As Gould puts it, the “truly superb cannot soar so far above the ordinary.”

… As did Hedge Fund Managers Who Generate 30% Annual Returns

You don’t need to be a Wall Street rocket scientist to apply Gould’s thinking to hedge funds.

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The success of both Soros and Buffett has inspired a new generation of hedge fund managers whose own competitive streak made the likelihood of “30:30” track records ever more difficult.

While Soros couldn’t pass his Chartered Financial Analyst (CFA) exams, today there are hundreds of thousands of MBA and CFA holders analyzing global financial markets. Soros himself described his early career when he focused on mis-priced European securities as a “one-eyed king among the blind.”

Tens of thousands of George Soros wannabes have paged and parsed through the grand master’s classic “The Alchemy of Finance.” Paul Tudor Jones, who himself racked up five consecutive 100%+ annual returns in his early days as a trader, summed it up best in his forward to Soros’ book.

Quoting George C. Scott from the movie “Patton,” as the U.S. general looked out on the tank formations of his German nemesis, Tudor Jones jokingly warned Soros: “Rommel, you magnificent bastard! I read your book!”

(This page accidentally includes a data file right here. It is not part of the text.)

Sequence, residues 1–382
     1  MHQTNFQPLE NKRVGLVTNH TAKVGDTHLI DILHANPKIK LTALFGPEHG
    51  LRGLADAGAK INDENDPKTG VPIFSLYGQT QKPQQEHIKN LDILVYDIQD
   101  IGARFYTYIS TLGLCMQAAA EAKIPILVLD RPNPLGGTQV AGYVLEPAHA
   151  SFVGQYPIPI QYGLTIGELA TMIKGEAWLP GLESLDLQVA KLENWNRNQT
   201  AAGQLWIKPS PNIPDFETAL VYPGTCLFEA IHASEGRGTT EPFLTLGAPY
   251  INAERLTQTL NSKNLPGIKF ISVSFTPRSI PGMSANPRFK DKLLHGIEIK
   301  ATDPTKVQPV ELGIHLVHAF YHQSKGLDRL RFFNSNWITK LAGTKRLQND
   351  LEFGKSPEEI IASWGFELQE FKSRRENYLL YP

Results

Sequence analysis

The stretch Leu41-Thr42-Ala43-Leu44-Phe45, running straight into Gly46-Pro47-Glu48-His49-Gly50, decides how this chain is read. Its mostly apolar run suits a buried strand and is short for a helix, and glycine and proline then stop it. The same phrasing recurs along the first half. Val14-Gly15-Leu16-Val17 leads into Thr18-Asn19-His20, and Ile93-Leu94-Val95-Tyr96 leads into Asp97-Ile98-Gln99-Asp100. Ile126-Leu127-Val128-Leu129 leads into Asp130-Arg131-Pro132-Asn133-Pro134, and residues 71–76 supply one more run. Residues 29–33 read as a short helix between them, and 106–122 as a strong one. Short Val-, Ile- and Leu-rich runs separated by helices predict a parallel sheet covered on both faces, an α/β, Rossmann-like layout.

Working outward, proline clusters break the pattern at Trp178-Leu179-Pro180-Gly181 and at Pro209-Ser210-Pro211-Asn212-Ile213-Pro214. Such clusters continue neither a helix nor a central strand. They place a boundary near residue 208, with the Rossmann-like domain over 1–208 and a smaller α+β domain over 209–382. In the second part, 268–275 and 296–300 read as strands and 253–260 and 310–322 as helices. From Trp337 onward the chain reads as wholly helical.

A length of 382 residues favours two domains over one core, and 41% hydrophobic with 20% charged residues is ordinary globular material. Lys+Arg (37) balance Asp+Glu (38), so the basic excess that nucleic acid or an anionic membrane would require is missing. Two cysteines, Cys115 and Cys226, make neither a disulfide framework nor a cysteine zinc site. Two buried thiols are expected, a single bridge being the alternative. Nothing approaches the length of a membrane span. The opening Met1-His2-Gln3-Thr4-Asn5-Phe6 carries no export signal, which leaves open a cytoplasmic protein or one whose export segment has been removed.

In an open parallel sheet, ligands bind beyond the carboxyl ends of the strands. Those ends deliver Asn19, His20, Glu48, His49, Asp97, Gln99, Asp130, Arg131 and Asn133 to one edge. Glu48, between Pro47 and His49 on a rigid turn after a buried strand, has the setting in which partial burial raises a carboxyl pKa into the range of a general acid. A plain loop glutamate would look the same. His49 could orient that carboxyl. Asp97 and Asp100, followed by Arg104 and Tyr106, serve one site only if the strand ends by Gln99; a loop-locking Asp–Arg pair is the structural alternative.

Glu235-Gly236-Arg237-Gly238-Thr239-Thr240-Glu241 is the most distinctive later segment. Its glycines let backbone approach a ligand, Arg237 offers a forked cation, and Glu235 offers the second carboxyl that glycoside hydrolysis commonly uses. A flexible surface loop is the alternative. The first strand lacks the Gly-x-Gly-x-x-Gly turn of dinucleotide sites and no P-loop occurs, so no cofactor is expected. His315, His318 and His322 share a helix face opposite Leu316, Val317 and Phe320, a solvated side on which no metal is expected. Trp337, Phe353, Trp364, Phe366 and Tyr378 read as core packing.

And Tudor Jones wrote that back in 1987. Today, you have more information on your iPhone than Soros or Buffett ever had when they were trouncing the market back in the 1960s, 1970s and 1980s. Formerly secretive “Turtle Trading” trend-following systems are now available for free on the Internet.

Throw in the small army of “rocket scientists” at shops like Renaissance Technologies, D.E. Shaw and Goldman Sachs sucking out every tidbit of pricing inefficiency in the market… and the prospects of the world’s George Soros wannabes look even bleaker.

Why “30:30” Track Records Are a Thing of the Past

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There are, of course, thousands of small-time traders who crank out Soros-like 30% per year returns. But that’s akin to comparing a star high school quarterback to, say, a top quarterback in the National Football League. You can day trade your way to huge returns on a small scale. But you can’t do it with $100 million, let alone $10 billion dollars.

You now see John Paulson and others of his ilk appear like shooting stars one day — making billions from “the greatest trade ever” — only to fade away quickly the next.

That proves that there’s a world of difference between “one-hit wonders,” compared with cranking out 30%+ returns, as Soros and Buffett did, year-in, year-out for 30 years.

Gould did not exclude the statistical possibility that you could see another .400 hitter in baseball. Nor can you exclude the possibility of another George Soros or Warren Buffett.

But another investor with a “30:30” track record would be what Gould would call “a consummate rarity.”

That’s not a bet I’d be willing to make.

To read my e-letter from last week, please click here. I also invite you to comment about my column in the space provided below.